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In the late 16th century, William Shakespeare (or someone else if you believe that sort of scuttlebutt), wrote Much Ado About nothing, a comedy that plays heavily on  misunderstandings and the disguising of identities. If you haven’t seen it, you should. It’s best as a stage play, because that’s how Shakespeare (or whomever) intended it, but there was also a movie made of Much Ado About Nothing, which was released in 2012.

So what has this got to do with the word ado? Nothing much other than the fact that ado is in the title of that play and the play was, as the title suggests, about much ado that was made about what turned out to be nothing.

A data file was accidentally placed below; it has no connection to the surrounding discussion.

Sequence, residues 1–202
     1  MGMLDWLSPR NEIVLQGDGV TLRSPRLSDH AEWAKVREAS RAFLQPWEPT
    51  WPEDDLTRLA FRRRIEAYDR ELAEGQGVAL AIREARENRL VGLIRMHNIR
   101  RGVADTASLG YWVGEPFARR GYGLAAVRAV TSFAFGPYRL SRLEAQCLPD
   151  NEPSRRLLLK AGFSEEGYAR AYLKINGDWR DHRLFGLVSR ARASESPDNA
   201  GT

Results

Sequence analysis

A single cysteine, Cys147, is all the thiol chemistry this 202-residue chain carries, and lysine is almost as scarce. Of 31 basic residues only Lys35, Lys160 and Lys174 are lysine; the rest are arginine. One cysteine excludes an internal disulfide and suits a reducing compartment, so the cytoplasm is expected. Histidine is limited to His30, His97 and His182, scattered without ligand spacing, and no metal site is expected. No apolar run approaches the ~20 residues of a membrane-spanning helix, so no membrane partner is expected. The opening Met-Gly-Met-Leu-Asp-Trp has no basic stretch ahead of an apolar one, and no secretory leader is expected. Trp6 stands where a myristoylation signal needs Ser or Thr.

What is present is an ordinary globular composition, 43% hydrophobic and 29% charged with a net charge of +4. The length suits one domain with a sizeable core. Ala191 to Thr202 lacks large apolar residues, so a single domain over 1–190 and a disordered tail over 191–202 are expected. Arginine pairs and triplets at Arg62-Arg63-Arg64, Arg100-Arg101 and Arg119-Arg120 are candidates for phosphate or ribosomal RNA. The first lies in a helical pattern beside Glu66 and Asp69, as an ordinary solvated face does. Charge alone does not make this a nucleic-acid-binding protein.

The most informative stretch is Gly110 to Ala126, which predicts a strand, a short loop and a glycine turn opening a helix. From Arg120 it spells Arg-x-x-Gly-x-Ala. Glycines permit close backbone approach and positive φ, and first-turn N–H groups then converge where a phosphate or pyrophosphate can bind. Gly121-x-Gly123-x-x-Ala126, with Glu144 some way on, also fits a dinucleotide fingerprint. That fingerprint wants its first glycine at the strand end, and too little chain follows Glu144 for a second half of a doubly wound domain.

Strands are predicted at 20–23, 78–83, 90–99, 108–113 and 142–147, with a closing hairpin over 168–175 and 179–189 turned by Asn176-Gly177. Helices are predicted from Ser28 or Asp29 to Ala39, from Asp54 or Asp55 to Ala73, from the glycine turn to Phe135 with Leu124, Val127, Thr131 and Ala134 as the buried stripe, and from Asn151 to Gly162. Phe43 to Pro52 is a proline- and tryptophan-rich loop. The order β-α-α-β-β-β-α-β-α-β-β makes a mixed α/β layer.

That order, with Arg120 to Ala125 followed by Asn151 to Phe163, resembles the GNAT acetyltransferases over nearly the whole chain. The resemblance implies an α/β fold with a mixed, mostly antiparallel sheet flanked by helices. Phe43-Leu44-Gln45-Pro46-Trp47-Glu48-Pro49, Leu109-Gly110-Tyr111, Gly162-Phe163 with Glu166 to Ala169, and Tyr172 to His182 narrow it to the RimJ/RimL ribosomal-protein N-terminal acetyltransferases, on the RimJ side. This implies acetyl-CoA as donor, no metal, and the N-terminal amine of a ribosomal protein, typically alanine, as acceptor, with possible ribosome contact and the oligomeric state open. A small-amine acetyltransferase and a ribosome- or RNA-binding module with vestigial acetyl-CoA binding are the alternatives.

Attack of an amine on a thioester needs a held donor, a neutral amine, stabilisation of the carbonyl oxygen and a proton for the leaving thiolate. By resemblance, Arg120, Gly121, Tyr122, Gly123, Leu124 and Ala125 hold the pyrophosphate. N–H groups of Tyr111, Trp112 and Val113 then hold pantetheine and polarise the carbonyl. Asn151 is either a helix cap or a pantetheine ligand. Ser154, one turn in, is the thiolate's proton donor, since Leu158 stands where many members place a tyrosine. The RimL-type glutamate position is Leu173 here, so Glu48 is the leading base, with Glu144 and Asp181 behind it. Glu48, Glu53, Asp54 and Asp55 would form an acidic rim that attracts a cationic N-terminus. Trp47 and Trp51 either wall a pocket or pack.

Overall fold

Ado means trouble or difficulty. In common usage, it generally means persnickety, over-the-top activity. In uncommon usage, who the hell knows what it means. That’s why it’s uncommon.

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